The socket 479 is an Intel® central processing unit (CPU) integration socket that allows the motherboard and CPU to work hand-in-hand to perform functions. Most sockets have a number after them to signify how many pins are on the socket and CPU, which would lead many to believe that this socket and CPU both have 479 pins, but this CPU really has 478. It is named 479 to differentiate it from the socket 478, which is used for desktop computers; the 479 connector is used for mobile platforms. Socket 478 CPUs can fit into the 479 connector, but they will not electronically configure or work with this socket.
Socket 479 is a microprocessor socket, meaning it is made for CPUs that do not fit into desktops, namely mobile computers and laptops. Created in 2001, this socket has many different microprocessors made under its design. There are the Pentium 3-M®, mobile Celeron®, Coppermine-T® and Tualatin® CPUs all made for this socket.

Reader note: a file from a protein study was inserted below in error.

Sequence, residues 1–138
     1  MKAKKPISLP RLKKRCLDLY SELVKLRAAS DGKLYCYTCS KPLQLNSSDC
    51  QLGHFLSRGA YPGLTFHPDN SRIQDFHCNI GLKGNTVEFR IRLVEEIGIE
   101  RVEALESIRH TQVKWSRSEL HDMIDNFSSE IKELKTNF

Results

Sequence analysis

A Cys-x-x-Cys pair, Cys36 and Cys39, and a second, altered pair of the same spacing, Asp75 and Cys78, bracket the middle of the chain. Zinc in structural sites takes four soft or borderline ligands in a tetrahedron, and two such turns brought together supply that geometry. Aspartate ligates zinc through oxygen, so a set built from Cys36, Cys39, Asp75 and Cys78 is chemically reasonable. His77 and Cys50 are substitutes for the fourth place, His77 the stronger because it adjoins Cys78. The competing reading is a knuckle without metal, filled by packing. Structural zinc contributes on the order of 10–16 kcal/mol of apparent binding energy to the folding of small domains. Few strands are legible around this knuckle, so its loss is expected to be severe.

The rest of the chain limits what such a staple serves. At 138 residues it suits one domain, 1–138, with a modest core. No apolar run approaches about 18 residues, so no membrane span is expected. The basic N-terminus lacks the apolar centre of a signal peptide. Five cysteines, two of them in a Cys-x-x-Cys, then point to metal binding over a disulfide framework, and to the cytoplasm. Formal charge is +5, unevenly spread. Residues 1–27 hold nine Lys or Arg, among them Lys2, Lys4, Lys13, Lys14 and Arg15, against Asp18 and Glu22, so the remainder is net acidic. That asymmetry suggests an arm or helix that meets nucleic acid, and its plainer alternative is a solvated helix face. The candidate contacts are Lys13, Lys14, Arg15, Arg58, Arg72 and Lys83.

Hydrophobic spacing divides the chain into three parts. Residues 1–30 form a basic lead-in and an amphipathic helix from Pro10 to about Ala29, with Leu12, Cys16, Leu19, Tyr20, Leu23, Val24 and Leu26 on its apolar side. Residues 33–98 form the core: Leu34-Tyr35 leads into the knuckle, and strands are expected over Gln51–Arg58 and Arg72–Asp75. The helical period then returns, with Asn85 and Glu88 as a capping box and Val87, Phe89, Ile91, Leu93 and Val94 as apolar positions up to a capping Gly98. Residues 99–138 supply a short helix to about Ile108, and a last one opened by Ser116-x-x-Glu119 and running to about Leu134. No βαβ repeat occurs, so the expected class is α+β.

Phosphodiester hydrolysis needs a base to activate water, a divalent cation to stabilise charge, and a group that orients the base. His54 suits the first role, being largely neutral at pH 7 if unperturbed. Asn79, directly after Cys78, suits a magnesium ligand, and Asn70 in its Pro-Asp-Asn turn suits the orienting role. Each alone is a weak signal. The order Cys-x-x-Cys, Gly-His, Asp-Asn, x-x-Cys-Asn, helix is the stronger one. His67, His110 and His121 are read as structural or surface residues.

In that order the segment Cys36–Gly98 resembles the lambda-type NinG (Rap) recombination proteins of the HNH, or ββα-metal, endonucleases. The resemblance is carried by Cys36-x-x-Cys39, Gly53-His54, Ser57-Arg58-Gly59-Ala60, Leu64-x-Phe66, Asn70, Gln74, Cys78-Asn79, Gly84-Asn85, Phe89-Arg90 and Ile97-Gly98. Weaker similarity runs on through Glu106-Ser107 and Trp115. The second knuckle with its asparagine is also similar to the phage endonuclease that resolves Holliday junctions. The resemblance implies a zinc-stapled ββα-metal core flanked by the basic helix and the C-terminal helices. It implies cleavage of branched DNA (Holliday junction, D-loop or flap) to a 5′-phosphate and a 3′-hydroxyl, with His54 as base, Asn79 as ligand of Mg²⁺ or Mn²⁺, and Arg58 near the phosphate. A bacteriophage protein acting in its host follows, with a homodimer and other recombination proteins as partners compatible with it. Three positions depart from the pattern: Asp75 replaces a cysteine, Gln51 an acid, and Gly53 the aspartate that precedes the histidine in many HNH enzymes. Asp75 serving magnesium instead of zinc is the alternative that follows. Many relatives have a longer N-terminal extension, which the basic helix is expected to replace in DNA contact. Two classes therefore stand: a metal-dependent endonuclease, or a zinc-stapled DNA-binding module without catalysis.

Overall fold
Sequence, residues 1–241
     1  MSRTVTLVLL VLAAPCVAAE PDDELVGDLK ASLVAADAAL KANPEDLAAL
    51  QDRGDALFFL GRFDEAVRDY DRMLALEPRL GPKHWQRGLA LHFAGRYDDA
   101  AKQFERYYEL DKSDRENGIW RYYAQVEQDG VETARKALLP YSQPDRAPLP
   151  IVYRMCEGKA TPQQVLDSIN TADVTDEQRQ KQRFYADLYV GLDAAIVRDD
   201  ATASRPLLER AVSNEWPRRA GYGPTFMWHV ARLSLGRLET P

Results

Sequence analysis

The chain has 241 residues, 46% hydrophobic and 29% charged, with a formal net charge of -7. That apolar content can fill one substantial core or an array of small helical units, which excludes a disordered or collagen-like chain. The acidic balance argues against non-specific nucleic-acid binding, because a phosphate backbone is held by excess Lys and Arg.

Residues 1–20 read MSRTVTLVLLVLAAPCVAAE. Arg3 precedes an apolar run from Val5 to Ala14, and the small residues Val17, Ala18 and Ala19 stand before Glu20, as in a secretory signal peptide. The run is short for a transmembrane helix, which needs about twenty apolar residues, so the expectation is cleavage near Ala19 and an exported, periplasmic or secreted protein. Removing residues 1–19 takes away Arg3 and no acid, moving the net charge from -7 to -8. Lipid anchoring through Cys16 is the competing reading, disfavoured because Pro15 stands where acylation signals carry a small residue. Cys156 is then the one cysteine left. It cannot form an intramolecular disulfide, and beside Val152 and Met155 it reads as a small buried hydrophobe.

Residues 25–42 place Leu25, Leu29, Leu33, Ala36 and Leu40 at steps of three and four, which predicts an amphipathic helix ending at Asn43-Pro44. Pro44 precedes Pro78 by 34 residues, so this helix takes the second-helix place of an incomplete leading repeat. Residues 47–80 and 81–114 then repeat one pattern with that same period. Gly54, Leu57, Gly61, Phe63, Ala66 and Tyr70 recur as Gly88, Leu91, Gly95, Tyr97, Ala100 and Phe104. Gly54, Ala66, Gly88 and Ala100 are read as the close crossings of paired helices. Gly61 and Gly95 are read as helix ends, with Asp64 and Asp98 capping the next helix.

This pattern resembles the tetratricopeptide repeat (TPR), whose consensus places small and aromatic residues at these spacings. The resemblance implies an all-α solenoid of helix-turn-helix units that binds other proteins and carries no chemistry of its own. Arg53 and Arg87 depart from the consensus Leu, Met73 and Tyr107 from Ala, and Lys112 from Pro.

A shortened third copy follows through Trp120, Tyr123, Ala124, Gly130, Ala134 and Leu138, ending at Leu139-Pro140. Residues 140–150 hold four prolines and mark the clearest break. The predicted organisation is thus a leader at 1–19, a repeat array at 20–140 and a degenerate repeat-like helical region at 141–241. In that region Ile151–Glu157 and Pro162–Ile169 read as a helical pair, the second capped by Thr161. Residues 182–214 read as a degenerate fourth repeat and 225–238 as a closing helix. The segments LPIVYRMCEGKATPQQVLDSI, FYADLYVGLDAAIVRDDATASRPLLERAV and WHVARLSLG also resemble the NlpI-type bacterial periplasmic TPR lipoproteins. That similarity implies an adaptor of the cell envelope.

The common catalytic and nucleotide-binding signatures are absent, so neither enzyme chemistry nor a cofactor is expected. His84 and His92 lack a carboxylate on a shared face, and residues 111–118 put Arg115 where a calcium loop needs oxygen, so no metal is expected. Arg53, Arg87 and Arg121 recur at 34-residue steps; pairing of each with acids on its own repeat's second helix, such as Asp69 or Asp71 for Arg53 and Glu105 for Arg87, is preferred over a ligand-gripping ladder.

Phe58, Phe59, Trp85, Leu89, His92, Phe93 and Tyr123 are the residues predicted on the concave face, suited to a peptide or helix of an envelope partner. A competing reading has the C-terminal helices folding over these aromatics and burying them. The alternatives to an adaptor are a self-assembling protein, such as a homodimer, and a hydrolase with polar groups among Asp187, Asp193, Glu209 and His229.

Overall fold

There are 479 pinholes in the socket 479 connector. What is odd about this socket is that, normally, CPUs have the same amount of pins as the socket, but the CPUs that fit this socket have only 478 pins. This was done to differentiate the socket from the socket 478, which was made at the same time for desktop computers. Socket 478 CPUs can fit the 479 connector, but they will not work because the electronic and pin configuration is different. The amount of pins means many CPUs made after this socket can fit the 479 connector, but they also will not work.
To tell the difference between a socket 478 and socket 479 processor — because the CPUs looks relatively the same — looking at the pin configuration will be of assistance. Both CPUs have 478 pins, but the pin configuration is different in the bottom right corner. The 478 CPUs are missing two pin spaces directly next to each other, while the 479 CPUs are missing two pin spaces diagonal to each other. This pin configuration is one reason why 478 CPUs do not work with the 479 socket.
The minimum and maximum processing speed of the socket 479 presents a wider gap than most other sockets. The low processing value is at 700 megahertz (MHz), and it can go all the way up to 2,333 MHz. The higher value was not utilized well until 2006, late in the 479 socket’s career, just before it was phased out for more advanced sockets.